EARSHOT: A Minimal Neural Network Model of Incremental Human Speech Recognition

Cognitive Science 44 (4):e12823 (2020)
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Despite the lack of invariance problem (the many‐to‐many mapping between acoustics and percepts), human listeners experience phonetic constancy and typically perceive what a speaker intends. Most models of human speech recognition (HSR) have side‐stepped this problem, working with abstract, idealized inputs and deferring the challenge of working with real speech. In contrast, carefully engineered deep learning networks allow robust, real‐world automatic speech recognition (ASR). However, the complexities of deep learning architectures and training regimens make it difficult to use them to provide direct insights into mechanisms that may support HSR. In this brief article, we report preliminary results from a two‐layer network that borrows one element from ASR, long short‐term memory nodes, which provide dynamic memory for a range of temporal spans. This allows the model to learn to map real speech from multiple talkers to semantic targets with high accuracy, with human‐like timecourse of lexical access and phonological competition. Internal representations emerge that resemble phonetically organized responses in human superior temporal gyrus, suggesting that the model develops a distributed phonological code despite no explicit training on phonetic or phonemic targets. The ability to work with real speech is a major advance for cognitive models of HSR.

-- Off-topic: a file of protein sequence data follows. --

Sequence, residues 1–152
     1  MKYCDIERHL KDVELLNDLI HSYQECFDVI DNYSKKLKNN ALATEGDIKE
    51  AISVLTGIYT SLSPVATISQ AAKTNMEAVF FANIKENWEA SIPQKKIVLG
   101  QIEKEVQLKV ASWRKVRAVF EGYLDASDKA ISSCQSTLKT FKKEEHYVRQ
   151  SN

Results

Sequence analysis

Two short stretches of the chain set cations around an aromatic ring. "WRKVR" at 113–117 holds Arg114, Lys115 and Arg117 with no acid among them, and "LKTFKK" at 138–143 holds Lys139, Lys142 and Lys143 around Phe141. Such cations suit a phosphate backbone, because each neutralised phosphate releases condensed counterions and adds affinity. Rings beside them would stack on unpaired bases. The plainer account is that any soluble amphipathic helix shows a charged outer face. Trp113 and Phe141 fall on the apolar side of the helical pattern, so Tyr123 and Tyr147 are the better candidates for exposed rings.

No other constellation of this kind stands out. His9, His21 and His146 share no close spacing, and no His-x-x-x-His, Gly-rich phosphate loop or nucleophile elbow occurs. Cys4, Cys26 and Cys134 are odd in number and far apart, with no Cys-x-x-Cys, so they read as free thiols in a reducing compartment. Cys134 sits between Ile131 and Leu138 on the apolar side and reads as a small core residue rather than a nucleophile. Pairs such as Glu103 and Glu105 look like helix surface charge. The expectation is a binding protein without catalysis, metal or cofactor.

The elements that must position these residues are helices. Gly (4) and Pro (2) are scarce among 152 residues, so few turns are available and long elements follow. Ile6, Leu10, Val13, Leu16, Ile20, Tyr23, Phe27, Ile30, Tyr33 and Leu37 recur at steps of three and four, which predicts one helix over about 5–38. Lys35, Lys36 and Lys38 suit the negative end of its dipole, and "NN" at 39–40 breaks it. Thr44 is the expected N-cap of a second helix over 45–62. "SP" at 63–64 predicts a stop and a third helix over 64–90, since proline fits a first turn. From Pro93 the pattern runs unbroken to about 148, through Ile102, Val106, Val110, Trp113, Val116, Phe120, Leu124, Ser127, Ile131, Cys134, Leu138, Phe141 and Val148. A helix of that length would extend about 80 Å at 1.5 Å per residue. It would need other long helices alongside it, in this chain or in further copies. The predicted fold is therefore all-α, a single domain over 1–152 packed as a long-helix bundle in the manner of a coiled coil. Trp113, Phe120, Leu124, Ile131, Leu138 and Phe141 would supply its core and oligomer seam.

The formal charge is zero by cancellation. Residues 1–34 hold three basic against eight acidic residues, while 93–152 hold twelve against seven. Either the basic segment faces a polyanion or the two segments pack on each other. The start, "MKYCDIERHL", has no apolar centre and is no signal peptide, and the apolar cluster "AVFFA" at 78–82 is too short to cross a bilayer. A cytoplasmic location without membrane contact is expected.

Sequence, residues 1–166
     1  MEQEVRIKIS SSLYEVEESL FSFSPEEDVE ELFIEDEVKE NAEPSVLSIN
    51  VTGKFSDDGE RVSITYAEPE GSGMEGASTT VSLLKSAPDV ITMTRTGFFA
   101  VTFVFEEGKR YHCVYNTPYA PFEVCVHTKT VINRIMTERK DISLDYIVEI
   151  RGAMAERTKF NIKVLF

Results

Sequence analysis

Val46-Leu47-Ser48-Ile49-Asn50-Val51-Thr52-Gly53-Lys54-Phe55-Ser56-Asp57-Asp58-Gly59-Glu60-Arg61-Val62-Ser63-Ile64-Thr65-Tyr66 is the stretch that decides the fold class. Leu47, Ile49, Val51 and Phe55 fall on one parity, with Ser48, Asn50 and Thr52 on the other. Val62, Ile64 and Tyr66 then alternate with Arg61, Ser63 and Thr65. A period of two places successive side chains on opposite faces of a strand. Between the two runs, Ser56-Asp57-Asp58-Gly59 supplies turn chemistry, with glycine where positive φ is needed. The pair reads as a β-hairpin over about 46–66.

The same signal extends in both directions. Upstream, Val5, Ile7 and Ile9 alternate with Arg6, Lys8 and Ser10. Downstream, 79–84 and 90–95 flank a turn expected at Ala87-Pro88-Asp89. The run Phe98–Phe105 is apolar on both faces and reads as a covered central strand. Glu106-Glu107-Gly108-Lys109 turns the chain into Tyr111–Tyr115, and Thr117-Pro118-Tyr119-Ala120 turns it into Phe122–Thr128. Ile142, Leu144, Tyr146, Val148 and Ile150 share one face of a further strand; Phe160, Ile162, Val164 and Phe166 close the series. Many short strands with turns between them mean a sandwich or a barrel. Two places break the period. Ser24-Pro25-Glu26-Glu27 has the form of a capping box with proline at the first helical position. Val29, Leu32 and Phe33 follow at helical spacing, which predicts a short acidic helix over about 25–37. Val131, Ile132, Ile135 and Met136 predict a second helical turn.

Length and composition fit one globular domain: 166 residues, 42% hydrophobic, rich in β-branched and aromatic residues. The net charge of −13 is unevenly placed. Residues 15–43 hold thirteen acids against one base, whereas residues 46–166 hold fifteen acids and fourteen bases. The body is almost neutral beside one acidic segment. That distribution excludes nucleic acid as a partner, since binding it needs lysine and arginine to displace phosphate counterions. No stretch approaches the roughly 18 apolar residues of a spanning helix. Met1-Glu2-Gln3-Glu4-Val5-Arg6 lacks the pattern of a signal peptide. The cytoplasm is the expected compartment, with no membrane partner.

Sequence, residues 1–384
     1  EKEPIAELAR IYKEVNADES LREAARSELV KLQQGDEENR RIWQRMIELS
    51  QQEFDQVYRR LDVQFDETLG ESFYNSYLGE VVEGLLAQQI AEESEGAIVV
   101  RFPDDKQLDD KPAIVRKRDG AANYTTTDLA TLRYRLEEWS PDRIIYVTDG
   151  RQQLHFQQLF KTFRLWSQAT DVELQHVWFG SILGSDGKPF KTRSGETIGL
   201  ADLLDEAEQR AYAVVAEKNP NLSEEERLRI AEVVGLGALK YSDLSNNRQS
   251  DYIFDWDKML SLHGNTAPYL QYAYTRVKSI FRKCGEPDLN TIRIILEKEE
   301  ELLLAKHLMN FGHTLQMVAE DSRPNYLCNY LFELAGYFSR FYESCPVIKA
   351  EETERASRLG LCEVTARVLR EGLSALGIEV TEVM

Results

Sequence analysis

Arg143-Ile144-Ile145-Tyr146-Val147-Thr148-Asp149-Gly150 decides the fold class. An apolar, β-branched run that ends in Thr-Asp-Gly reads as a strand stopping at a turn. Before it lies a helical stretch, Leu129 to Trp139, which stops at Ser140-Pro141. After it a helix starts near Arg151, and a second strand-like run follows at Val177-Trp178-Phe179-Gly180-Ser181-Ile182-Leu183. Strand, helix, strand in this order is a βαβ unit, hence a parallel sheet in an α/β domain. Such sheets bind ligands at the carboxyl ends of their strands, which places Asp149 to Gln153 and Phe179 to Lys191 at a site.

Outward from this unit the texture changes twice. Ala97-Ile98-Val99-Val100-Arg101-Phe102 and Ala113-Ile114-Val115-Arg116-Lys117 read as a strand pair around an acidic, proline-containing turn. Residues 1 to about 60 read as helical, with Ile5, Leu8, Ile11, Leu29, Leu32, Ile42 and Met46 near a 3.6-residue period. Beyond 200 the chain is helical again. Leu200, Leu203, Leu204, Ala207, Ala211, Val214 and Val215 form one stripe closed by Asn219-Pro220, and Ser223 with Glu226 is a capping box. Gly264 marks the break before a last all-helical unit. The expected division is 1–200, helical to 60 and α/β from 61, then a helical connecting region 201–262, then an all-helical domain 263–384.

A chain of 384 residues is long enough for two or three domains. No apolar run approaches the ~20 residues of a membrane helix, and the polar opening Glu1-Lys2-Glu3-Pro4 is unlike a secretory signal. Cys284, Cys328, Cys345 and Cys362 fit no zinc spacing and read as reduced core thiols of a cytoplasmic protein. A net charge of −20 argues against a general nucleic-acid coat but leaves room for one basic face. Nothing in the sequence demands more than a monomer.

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Paul Allopenna
Brown University